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Erik Read: Bow Valley's Beijing Bound Athletes

“At the Games, I can be confident with where I am and the consistency and fast skiing I am able to produce right now."

Erik Read, alpine, top 5 world cup threat

The devil is in the details for Erik Read.

Entering a second consecutive Winter Olympic Games, the technical skiing specialist is in a sweet position.

The type of spot where he’s at the very top of his game; smooth-talking top-10 results, but flirting to take things one step further. And in a room full of handsy people reaching for the same prize, this might be Read’s bold moment to take things home.

“At the Games, I can be confident with where I am and the consistency and fast skiing I am able to produce right now,” said Read. 

“For myself, it’s elevating the expectations, which comes and produces some positives, but there’s also more challenges to manage too.”


A post shared by Erik Read (

With a creative eye for photography, Read visualizes the start of the snowy mountain course in Beijing. Banging on his chest like a drum, something added to his pre-race routine, Read’s knees bend and he pounces out of the gate like a predator on prey. 

In Beijing, the Canmore skier will take any advantage he can – whether that’s getting the scoop on the mysterious mountain course nobody has run on or with good luck charms like his thick racing socks and a red chili pepper around his neck, a gift from girlfriend and Italian skier Giulia Paventa, as a token of good luck in Naples.

“That expression of being hungry and aggressiveness that’s kind of like that final moment; I give my chest a few big slaps as a final touch to get in the right mindset,” said Read.

 “Where I’m at now, it’s in the little details. That extra bit that can help you because I’m not making big changes in my physical fitness, my nutrition, my habits. It’s those little details that can have big outcomes.”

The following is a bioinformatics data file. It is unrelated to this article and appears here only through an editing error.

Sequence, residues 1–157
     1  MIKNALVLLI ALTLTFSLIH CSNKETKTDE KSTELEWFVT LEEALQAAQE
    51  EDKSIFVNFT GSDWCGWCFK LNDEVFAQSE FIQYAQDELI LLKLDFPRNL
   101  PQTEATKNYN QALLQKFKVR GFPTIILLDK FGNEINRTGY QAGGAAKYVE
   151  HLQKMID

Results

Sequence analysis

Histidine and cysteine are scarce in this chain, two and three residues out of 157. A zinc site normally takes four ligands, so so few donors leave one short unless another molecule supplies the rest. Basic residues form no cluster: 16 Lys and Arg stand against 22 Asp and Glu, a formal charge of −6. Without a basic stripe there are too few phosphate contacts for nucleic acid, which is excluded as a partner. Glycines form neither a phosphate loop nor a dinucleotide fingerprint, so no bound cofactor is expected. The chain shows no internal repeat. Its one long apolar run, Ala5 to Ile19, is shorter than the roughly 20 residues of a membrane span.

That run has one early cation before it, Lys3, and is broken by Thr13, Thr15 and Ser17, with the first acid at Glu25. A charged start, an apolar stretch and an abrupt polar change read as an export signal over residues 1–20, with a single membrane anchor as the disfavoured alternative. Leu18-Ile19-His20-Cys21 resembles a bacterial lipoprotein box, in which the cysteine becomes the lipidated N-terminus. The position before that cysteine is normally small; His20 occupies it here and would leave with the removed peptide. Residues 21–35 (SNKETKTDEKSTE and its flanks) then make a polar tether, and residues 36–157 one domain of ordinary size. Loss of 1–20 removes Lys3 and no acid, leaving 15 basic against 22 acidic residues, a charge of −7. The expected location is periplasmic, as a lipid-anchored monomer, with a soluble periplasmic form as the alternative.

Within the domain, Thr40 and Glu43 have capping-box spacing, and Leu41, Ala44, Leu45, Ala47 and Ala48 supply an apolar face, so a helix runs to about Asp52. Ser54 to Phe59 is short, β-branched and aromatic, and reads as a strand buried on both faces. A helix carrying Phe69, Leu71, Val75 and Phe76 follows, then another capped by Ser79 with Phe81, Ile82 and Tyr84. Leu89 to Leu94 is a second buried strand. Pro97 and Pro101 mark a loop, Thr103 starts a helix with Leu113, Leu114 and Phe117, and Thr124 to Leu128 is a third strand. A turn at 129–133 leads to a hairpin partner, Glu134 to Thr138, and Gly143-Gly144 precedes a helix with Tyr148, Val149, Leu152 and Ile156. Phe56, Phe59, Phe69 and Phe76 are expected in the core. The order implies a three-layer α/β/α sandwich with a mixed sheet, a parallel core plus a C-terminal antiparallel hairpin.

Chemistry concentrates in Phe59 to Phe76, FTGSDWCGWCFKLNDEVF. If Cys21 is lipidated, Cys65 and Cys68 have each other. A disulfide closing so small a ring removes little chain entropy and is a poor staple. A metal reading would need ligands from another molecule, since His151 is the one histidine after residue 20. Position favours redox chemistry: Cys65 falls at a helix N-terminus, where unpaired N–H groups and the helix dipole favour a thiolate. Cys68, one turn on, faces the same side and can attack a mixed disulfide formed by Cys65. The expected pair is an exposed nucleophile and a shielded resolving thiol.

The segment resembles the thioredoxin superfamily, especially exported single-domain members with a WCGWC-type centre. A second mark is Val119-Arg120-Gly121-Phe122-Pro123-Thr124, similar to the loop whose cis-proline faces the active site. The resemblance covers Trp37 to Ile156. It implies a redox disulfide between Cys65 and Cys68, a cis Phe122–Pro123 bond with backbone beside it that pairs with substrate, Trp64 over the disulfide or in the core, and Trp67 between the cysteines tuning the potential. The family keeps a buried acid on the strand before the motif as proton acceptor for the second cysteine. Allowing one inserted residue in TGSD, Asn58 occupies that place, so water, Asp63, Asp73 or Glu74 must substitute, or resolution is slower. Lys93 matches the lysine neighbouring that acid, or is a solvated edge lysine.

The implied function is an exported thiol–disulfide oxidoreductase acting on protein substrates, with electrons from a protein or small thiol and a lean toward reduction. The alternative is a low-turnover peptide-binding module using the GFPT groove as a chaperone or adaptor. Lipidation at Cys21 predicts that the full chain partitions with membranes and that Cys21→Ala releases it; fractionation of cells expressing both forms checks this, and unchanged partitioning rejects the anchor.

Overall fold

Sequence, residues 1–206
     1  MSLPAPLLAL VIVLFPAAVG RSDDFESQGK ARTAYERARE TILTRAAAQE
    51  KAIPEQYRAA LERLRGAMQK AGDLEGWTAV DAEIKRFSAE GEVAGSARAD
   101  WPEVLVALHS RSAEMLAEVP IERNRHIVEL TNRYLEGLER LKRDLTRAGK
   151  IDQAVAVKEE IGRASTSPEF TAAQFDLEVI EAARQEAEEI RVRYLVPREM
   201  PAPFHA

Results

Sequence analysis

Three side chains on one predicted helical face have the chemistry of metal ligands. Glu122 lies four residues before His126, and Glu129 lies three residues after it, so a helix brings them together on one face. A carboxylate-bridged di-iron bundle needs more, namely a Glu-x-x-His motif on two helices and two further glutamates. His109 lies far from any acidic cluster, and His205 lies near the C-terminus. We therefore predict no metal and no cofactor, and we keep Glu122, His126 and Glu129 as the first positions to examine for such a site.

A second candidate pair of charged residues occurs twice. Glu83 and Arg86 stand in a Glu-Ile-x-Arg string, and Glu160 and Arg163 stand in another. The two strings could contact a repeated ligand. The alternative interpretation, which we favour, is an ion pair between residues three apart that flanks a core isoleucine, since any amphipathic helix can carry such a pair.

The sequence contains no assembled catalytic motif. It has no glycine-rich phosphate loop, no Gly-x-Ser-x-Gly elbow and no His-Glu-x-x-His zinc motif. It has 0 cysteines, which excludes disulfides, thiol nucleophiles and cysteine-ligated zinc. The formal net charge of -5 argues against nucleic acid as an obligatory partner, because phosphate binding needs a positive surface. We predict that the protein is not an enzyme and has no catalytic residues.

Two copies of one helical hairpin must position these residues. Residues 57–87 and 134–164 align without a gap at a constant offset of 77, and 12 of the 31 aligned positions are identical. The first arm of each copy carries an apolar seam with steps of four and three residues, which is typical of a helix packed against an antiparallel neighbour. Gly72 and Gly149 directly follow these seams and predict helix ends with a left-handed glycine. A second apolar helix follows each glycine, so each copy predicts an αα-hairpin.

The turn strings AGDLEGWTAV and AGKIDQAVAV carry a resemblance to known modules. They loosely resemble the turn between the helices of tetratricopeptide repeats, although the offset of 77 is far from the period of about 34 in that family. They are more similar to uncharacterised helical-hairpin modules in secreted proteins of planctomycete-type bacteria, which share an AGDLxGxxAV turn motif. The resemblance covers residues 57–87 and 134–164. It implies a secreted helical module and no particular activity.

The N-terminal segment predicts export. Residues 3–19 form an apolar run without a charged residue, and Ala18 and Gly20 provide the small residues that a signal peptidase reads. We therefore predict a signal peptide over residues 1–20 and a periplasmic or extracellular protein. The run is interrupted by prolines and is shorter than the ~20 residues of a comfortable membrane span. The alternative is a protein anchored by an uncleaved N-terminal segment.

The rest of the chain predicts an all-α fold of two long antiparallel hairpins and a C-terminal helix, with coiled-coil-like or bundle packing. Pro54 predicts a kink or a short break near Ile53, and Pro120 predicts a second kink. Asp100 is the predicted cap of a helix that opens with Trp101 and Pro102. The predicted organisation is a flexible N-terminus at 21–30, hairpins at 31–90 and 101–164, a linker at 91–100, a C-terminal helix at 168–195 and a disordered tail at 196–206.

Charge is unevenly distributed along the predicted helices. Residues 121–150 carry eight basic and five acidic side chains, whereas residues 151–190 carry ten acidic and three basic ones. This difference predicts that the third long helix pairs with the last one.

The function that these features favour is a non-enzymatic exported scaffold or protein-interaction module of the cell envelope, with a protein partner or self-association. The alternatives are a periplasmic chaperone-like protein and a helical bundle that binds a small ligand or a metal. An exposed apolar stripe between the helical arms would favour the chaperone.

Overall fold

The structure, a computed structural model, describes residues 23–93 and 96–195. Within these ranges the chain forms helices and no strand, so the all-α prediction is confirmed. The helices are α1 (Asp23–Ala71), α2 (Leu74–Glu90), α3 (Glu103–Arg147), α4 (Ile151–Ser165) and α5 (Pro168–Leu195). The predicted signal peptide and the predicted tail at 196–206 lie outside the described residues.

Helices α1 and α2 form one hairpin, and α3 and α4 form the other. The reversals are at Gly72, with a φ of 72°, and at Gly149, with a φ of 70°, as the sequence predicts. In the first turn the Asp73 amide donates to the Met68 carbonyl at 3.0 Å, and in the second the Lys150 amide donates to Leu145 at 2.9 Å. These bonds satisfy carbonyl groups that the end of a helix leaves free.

The 30-year-old is cerebral in his approach to the game of highly competitive slalom and giant slalom (GS) races, in which skiers expertly zigzag through red and blue gates with deadeye precision.

A master deceiver of speed, Read drops down the hill in a seemingly slow, no sweat effort. Most might just be admiring the surgical skill set the Canuck is carving to notice the amount of edge he’s riding to carry velocity.

Read is deep in chasing his goals. In 2021, he felt more European than Canadian after spending eight months total overseas competing, training and making sure his stuff was on point. This season on the world cup, Read turned up the volume on top 15s results, securing five in a short window including seventh place in the head-to-head parallel in Lech, Austria.

There are a high number of elite athletes only dreaming of consistent top 20 performances on the world cup. Nowadays, for Read, he’s at the level that even if he’s out of rhythm, he’s banking top 15s.

It’s in races like these and for moments like Beijing that made all the extra effort growing up worth it, like that extra session at Calgary Olympic Park with his Olympian uncle Jim or living out of airports and hotels on the road for three quarters of a year.

“I expect more of myself,” said Read. “I’m an older athlete and expected to produce and stuff like that. I think that’s what it boils down to and use my sports psyche to really kind of come down on the more nitty-gritty details versus in PyeongChang where I was just kind of soaking in the whole experience and also do some ski racing, if that makes sense.”

Born into skiing royalty, his father is Crazy Canuck Ken Read and his mother is former national women’s overall alpine championship Lynda Read (Robbins), Read feels he’s in unchartered territory from what he’s family’s achieved.

And he’s gunning for something that would be unique to his family name: Olympic glory.

Jordan Small

About the Author: Jordan Small

An award-winning reporter, Jordan Small has covered sports, the arts, and news in the Bow Valley since 2014. Originally from Barrie, Ont., Jordan has lived in Alberta since 2013.
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